Tag Archives: Roswell

RPS’s 15th Annual Open Juried Exhibit

Roswell Photographic Society’s (RPS) 15th Annual Open Juried Exhibit opens tonight with a reception and awards ceremony. The exhibit is on display at the Roswell Visual Arts Center through November 18th. You can view the exhibit for free, Mon-Fri 9am – 6pm and Sat 10am – 2pm. This exhibit is in conjunction with Atlanta Celebrates Photography, an annual focus of photography in the metro area for the month of October.

International Harevester Hood OrnamentThe opening reception for the exhibit is October 6th from 7-9pm and features delicious hors d’oeuvres, fantastic photography and a nail-biting awards presentation. (OK, maybe not quite nail-biting excitement, but the competition is fierce!)

This year there were over 480 images submitted, and the judge, Fay Gold, selected 101 for the exhibit. I had three images juried in; “Hurricane Carnival Ride“, “International Harvester Hood Ornament” (pictured at left) and “Glowing River.” Each of my images are matted with double-white mats and framed in black. My framed images are all available for purchase at $195 each.

If you are in the area, stop by the RVAC and take in some beautiful photography!

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Images Selected for the RPS Fall Juried Show

This year’s Roswell Photographic Society Open Juried Exhibit 2010 is now on display through November 26th. The show will be available for viewing, free of charge, at the Roswell Visual Arts Center. The 85 images on display cover the categories of Landscape/Nature, Architecture/Travel, People/Animals and Abstract/Still Life. I have two entries that were juried into the show.

What does “juried” mean? A juried show is where photographs are submitted for entry and a judge(s) selects the photographs that will make up the show. This year there were more than 320 entries and 85 were selected for the show. Two of my entries were selected for the show:

Sunrise on the Highlands

Sunrise on the Highlands

 

Sunrise on the Highlands (click photo to enlarge) was shot this past June at the Atlanta Athletic Club, in Johns Creek, Georgia. My employer sponsored a day at the club and I took advantage of the beautiful scenery on the golf course prior to the shot gun start.

 

 

 

 

Sunlit Trees, Smith Plantation

Sunlit Trees, Smith Plantation

 

Sunlit Trees, Smith Plantation (click photo to enlarge) was shot this past April at the historic Smith Plantation in Roswell, Georgia. I used an “impressionistic photo painting” technique where I moved the camera while taking the photo. The movement of the camera caused the colors of the sunlit trees to streak, similar to an artist’s brush strokes. If you squint, you can see the tree trunks and the green foliage in the branches as well as on the ground.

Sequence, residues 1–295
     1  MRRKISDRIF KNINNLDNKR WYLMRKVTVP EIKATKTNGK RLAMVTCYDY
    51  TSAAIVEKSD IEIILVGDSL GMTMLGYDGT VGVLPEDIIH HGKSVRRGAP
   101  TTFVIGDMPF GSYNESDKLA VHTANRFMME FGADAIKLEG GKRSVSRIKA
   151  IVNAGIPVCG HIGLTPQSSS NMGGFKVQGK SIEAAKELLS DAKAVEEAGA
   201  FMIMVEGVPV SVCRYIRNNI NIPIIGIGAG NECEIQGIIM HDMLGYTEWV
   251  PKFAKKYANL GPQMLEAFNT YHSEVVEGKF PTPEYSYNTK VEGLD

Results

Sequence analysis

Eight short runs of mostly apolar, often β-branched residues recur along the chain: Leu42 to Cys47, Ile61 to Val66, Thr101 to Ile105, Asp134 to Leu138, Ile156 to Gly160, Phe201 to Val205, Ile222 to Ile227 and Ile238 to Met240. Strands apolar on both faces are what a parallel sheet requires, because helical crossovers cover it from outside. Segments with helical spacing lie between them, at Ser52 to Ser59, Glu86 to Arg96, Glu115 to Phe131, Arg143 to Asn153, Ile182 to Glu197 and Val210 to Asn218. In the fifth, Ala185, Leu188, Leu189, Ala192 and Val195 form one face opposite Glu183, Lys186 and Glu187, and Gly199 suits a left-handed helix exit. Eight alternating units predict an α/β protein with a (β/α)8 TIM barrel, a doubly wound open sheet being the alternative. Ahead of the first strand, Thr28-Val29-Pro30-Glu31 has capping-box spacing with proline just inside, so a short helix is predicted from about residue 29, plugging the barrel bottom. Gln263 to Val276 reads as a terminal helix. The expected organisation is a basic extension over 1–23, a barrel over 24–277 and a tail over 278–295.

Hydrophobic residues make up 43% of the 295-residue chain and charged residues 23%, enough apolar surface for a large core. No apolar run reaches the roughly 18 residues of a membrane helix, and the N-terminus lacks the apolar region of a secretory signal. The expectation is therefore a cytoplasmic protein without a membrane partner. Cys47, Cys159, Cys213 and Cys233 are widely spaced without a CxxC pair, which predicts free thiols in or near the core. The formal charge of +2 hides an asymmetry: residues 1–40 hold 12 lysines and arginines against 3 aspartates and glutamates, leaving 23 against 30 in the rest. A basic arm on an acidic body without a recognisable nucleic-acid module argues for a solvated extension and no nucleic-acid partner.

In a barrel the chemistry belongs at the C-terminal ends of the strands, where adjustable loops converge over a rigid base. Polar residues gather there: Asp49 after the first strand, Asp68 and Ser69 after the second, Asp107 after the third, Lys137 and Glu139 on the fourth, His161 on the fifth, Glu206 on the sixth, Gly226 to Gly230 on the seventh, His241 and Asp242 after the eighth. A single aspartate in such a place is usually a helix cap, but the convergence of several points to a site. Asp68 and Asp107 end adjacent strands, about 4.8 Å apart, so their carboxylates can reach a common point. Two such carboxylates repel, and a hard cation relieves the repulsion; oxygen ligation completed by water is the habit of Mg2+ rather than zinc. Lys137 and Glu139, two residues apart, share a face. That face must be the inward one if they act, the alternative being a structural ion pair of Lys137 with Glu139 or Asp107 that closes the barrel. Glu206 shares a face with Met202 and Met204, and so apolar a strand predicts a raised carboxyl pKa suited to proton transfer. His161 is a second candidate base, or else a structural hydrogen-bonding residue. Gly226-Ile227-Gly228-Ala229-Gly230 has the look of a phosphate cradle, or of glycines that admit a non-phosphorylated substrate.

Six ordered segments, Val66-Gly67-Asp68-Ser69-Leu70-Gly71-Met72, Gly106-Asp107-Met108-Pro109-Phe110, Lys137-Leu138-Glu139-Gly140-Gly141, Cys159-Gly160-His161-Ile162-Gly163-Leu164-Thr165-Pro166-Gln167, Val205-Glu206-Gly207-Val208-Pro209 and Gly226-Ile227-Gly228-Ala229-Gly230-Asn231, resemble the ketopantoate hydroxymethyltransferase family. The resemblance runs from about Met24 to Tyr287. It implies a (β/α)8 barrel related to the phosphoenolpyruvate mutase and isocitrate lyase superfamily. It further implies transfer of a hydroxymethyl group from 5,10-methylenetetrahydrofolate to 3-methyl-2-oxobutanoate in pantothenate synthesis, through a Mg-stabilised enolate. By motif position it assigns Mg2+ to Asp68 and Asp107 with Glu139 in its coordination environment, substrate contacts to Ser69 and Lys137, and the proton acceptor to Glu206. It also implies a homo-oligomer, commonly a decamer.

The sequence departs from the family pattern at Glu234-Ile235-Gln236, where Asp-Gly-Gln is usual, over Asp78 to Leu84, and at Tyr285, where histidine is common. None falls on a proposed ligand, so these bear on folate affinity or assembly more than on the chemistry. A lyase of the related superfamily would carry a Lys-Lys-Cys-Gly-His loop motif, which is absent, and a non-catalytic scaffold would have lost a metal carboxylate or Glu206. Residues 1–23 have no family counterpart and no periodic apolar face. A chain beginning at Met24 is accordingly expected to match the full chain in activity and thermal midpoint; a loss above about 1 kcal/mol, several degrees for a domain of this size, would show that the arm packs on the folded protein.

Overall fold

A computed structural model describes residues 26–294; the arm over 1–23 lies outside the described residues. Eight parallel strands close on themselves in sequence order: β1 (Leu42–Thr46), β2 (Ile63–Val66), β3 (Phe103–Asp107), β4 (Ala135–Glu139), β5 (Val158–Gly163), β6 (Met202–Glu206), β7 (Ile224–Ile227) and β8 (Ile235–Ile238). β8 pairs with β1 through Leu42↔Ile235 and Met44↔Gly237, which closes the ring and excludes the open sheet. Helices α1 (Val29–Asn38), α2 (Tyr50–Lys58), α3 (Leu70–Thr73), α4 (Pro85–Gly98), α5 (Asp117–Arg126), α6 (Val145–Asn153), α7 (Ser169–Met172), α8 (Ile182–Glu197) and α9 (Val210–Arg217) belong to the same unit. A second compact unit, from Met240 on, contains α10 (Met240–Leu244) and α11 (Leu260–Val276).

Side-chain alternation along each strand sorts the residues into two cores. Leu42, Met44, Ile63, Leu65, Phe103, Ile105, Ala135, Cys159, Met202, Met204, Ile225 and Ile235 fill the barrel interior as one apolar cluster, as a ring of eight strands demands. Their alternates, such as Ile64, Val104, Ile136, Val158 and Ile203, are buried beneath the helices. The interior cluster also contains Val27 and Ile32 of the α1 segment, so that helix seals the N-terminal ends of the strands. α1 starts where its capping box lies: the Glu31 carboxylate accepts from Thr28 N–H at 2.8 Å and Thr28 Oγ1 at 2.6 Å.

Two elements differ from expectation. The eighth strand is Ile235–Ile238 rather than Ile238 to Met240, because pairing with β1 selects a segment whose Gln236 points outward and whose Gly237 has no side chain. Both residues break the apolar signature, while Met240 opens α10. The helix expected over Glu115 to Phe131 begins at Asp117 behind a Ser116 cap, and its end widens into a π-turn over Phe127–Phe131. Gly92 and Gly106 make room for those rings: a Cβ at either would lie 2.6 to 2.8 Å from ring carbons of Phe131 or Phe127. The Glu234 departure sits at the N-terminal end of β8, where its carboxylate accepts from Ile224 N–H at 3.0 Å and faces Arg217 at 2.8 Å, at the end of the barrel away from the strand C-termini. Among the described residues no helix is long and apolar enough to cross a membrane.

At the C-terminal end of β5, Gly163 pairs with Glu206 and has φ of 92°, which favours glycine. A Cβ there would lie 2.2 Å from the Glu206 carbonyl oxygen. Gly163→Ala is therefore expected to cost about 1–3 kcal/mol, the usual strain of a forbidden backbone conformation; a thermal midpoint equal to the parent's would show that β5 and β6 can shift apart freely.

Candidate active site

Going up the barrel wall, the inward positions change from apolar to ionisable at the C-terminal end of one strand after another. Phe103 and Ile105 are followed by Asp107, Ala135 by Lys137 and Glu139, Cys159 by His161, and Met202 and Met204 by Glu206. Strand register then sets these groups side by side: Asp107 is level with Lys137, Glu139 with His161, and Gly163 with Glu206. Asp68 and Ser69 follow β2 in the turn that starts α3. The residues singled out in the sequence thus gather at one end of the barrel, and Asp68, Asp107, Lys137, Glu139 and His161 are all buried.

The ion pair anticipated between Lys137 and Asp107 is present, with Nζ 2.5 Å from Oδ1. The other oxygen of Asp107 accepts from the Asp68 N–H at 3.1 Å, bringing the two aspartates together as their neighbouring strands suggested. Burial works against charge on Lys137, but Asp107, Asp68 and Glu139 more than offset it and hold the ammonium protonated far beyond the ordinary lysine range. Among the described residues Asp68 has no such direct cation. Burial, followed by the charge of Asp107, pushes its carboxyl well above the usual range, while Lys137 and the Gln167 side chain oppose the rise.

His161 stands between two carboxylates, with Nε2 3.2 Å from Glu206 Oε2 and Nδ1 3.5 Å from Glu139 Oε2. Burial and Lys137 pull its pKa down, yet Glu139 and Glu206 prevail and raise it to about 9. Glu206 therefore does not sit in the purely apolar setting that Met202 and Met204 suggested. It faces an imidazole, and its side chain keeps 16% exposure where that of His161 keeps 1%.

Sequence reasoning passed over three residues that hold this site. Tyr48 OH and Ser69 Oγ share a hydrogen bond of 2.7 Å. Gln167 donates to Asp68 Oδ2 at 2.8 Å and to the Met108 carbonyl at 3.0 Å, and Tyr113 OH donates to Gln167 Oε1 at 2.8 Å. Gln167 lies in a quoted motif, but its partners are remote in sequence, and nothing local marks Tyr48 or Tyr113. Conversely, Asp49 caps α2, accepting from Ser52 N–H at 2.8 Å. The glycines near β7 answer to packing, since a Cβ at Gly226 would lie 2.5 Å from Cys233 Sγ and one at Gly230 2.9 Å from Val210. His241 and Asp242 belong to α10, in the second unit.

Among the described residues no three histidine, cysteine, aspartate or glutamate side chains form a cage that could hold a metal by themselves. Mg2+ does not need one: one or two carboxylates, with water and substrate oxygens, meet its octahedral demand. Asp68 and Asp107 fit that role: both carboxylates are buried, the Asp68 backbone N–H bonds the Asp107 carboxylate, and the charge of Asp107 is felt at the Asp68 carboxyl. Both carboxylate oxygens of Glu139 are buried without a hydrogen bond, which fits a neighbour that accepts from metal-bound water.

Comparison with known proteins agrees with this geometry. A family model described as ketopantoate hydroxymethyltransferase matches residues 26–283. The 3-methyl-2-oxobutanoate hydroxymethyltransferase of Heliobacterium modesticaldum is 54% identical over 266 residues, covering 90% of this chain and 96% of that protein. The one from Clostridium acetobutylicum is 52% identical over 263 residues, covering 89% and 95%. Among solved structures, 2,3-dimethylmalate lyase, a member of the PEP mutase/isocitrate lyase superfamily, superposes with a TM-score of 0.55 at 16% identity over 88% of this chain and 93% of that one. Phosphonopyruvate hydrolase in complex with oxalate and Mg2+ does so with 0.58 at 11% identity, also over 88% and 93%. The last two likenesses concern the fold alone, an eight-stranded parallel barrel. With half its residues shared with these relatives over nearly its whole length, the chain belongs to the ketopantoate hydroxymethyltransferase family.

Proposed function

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Visiting Jones Bridge

Jones Bridge Sunrise SilhouetteOn Friday night I solidified my plans to arise early to shoot the sunrise at a new location. (Holiday weekends and arising early don’t go together for most people, but for photographers who know when ‘good light’ is available, its a sacrifice we often make.) One of my favorite outings is to ‘discover’ places that are close to home that most people who live in the Alpharetta, Roswell, Johns Creek or Milton area drive by but don’t take the time to explore.

The Jones Bridge section of the Chattahoochee River National Recreation Area  is one that I have driven by many times, but have never explored. I knew from a friends Flickr photostream that Jones Bridge offered an old, half torn-down bridge which was my intended subject for the morning.

Scout the Location Online

There are three sites I visited Friday night, the National Park Service (NPS), Google Maps and Flickr. While looking at other photos of the bridge/park on Flickr I learned that on the east side of the river is Jones Bridge Park, one of Gwinnett County’s parks.

Prepare Equipment

Before I left Saturday morning, I reformatted my memory card, selected three lenses (Nikon 18-200mm, Nikon 35mm and Tamron 10-24mm), circular polarizer filters, and reviewed my ISO, auto-focus and file format settings on my camera. I attached the tripod mount to the bottom of the camera and checked to make sure I had the wireless remote control in my bag. Lastly, I brought a LED flashlight for my hike. Knowing that I would arrive in the dark, I wanted everything to be ready to go when I took it out of my car.

At the SiteJones Bridge

When I arrived at the park around 6:30 am, I was pleased that the gates were already open (yeah!), parked my car and gathered my equipment from the trunk. It was still dark and I was glad that I had my flashlight. I reviewed the park map and began my short hike to the bridge. While the bridge and the morning sun provided some good shots, I had not found anything that I was crazy about.

Plan B

I decided to drive (several miles) to the park on the east side of the river. By the time I arrived and explored the east side waterfront area, the sun was providing full light, typically not what I desire. I continued to shoot photos of the bridge from the east side and with the help of my circular polarizer filter, was able to capture my favorite image of the morning (featured to the right). In this image, the sunlight highlights the rusty half-bridge as the lush green foliage and deep blue sky reflect in the water below.

View all six photos from my Jones Bridge set on Flickr.

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